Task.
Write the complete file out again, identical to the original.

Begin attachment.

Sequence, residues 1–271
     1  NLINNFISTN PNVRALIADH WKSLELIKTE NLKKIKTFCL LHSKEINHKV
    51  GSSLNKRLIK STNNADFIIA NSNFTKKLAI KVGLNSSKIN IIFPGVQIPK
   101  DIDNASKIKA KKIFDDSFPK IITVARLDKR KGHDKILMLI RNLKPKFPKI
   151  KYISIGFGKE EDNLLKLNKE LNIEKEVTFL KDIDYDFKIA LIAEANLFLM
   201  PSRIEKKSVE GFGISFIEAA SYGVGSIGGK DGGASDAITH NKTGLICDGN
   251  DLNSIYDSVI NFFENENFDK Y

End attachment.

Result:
Sequence, residues 1–271
     1  NLINNFISTN PNVRALIADH WKSLELIKTE NLKKIKTFCL LHSKEINHKV
    51  GSSLNKRLIK STNNADFIIA NSNFTKKLAI KVGLNSSKIN IIFPGVQIPK
   101  DIDNASKIKA KKIFDDSFPK IITVARLDKR KGHDKILMLI RNLKPKFPKI
   151  KYISIGFGKE EDNLLKLNKE LNIEKEVTFL KDIDYDFKIA LIAEANLFLM
   201  PSRIEKKSVE GFGISFIEAA SYGVGSIGGK DGGASDAITH NKTGLICDGN
   251  DLNSIYDSVI NFFENENFDK Y